A not particularly insightful thought occurred to me yesterday as I watched the ugly scenes around Westminster. My opposition to the far right is as much a physical reaction to their kind as it is an intellectual position I’ve found myself taking throughout my life.
I hasten to add that this doesn’t mean I’m not opposed to their politics. I just mean that politics rarely ever arise. It never gets so far where I have to argue for a pluralist worldview. There’s never a point where I hear them say something lucid enough to make me stop and consider my position. When some bonehead starts spluttering about “Inglund, right” and gesticulating with his tin of Carlsburg, I don’t feel like I need to get out of first gear to get well ahead of him. The argument that “their” culture is better than some other culture is patently false when the representation of that culture has already pissed his pants or had a swastika tattooed on his chest. Given a choice between the country on display in Liverpool where protestors were dancing and having fun, or that on display in London, I know which I choose. Enoch Powell should have warned about the “rivers of piss” rather than the “rivers of blood”.
There are, admittedly, a few among their ranks who think of themselves as the spokesmen of the movement. Those are the types who buy male grooming products aimed at “Today’s Handsomer Dictator”. They all look the same: hair sculpted at 45 degrees in black marble, TV-ready smile, and with a fine line in pre-moderated racism. It’s not about hate, they say, but about pride in our country. The bit they never explain, the bit parenthesised by their very actions is that pride in “our country” is defined by a narrow subset of that nation’s people and that subset has an extraordinarily bad grasp of history.
I accidentally tuned in to LBC for about a minute this morning. Heard it long enough to listen to a caller repeat the oft-repeated phrase about the protest march being ruined by a minority. Perhaps it was but, if so, I’m not sure what the rest of this particular protest looked like. Everywhere I looked via the TV news and social media, I saw the same thing: that toxic working-class masculinity that you can spot a mile away. They’re bald, heavily tattooed Phil Mitchell types, left them inflexible because of too many steroids, which have also buggered up their vocal cords. They all sound like they’ve inhaled a ping pong ball and have the testicles of mice. Or perhaps it’s inhaled mice and have ping pong balls for testicles…
If you’ve survived any comprehensive in the country you’d have met the type. It’s a parody of masculinity; boys wanting to be like their fathers but never quite achieving it. They haven’t had a war to fight or hardship to overcome. Their manliness has never been tested so they direct it elsewhere. Searching for meaning, they are swept up in groupthink, defined as much by fashion and friendships as it is by ideas. It was noticeable how many of the protestors yesterday were wearing Fred Perry shirts, which have always been the uniform of the neo-Nazis in the UK. It might be guilt by association but I’m still happy to call it guilt.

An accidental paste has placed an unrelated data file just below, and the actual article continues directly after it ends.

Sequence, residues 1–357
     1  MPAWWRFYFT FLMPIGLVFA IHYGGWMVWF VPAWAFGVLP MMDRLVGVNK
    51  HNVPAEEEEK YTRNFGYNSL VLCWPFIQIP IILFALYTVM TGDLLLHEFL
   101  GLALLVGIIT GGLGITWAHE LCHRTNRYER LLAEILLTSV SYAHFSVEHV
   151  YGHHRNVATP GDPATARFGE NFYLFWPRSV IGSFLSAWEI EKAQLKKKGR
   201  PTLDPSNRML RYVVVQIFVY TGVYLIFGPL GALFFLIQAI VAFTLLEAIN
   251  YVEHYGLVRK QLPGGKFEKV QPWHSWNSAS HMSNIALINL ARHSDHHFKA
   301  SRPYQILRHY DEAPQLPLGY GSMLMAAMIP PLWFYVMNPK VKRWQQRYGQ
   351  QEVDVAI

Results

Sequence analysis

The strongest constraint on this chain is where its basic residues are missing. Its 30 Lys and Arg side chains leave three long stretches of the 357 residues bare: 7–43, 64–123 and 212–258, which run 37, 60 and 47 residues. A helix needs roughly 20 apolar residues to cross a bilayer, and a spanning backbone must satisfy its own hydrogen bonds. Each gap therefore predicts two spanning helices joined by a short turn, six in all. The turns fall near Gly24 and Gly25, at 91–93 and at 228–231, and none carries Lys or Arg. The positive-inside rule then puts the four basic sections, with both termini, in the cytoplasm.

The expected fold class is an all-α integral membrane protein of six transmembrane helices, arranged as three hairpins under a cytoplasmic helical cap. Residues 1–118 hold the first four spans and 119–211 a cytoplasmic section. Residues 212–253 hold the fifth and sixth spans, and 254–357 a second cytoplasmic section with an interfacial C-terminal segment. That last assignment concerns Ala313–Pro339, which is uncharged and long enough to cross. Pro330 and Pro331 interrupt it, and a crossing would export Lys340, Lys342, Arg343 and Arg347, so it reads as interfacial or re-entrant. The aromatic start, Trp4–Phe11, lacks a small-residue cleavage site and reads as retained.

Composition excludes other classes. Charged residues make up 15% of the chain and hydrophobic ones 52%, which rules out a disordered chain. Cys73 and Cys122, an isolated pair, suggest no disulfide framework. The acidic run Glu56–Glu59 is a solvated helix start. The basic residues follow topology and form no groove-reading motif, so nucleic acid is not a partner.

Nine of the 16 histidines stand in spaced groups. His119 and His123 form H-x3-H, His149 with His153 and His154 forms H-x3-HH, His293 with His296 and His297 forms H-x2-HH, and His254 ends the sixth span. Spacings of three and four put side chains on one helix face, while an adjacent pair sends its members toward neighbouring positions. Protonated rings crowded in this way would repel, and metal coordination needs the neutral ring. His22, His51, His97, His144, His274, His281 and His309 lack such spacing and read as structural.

The saddest part of all this is that we all know these people are bad types in the same way as those on the extreme left are bad. Both are indoctrinated with ideologies of hate because they know they are on the losing side of history. Their violence is an expression of rage against a system that is unwilling to change; a battle they’re never likely to win. On the left, it’s those anarchists who can’t believe that people might like the material products of capitalism. On the right, they’re the ethnonationalists who thought they’d found acceptance through the Brexit vote but now see Britain sympathetic to a message of racial unity. It’s not the great Other they fear as much as the realisation that it is they who are inferior. It’s the decadence that usually follows the collapse of any great empire; people exhibiting the exceptionalism they didn’t earn, lording it over others who understand the meaning of struggle.
In a properly decent politics, both extremes should be called out for what they are, but we hardly have decent politics. What we get instead are little more than coded warnings to the extremists to “keep it down”. These are the people “rightfully angry” who took it too far. They are “concerned citizens” who shouldn’t stop taking the law into their own hands. They are generally “good people on both sides” but with a few militants to break the law.
It’s all bullshit. Mainstream politicians fear the extremes almost as much as they find them useful. They don’t condemn them as they should because they know they represent a small but still significant percentage of their voters. They are also a useful way to protect their flanks.
It might sound cynical but this kind of politics is so familiar as to have a name. It’s populism. It is politics rooted not in hope but fear. Both sides do it. Don’t play fair with us, they warn, and you’ll find far worse will take our place. They rule through the mandate of the angry. You could say that yesterday’s violence was a reminder of that. Yet, perhaps, it might also have been a reminder that the threat is an empty one and that we have been accommodating the idiots on the fringes for too long.